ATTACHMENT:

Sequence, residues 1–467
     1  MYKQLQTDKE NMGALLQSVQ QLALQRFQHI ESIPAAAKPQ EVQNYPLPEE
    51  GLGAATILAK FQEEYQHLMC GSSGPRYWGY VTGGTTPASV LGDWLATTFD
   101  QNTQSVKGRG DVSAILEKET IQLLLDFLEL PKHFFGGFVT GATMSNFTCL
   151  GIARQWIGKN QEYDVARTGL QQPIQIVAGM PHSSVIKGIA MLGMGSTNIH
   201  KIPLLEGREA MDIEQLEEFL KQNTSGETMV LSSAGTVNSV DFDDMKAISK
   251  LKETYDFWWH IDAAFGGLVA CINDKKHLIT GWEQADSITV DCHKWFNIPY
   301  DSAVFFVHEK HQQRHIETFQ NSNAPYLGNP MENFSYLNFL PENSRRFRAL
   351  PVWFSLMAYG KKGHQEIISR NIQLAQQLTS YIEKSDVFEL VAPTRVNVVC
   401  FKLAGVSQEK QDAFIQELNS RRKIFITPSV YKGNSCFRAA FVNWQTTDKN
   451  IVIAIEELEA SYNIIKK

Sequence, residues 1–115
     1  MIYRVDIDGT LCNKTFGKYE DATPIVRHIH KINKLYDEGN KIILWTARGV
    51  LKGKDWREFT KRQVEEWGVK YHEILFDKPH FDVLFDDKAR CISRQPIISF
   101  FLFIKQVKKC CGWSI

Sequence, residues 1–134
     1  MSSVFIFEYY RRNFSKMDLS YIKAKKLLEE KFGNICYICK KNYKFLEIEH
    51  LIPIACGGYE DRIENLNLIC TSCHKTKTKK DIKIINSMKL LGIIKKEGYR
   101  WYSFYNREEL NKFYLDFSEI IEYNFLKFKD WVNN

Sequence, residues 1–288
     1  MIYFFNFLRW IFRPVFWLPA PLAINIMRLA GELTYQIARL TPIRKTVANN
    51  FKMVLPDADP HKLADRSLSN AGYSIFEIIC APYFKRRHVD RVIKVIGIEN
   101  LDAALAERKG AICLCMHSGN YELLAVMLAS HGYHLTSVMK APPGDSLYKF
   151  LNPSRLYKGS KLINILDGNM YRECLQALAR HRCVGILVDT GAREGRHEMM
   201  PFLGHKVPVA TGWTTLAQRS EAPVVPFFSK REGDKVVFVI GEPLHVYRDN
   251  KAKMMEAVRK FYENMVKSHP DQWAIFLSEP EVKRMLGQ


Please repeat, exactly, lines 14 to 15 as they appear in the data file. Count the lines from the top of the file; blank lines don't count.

    51  LKGKDWREFT KRQVEEWGVK YHEILFDKPH FDVLFDDKAR CISRQPIISF
   101  FLFIKQVKKC CGWSI